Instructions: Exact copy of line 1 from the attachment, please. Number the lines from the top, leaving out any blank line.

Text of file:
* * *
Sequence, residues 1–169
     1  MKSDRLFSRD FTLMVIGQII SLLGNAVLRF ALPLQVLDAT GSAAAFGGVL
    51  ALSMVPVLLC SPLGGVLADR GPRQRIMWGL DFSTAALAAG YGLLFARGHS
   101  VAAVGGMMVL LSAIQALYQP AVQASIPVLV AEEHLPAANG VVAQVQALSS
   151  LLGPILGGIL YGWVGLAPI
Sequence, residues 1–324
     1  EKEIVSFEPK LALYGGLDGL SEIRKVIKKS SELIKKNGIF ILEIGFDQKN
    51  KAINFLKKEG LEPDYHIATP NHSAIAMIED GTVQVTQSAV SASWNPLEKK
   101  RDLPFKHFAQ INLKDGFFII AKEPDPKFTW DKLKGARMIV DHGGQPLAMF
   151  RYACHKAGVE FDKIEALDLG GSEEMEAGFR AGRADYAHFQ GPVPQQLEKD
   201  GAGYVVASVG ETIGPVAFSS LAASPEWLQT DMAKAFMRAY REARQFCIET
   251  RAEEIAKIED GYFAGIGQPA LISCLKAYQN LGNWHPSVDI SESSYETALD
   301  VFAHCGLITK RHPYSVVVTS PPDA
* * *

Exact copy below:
Sequence, residues 1–169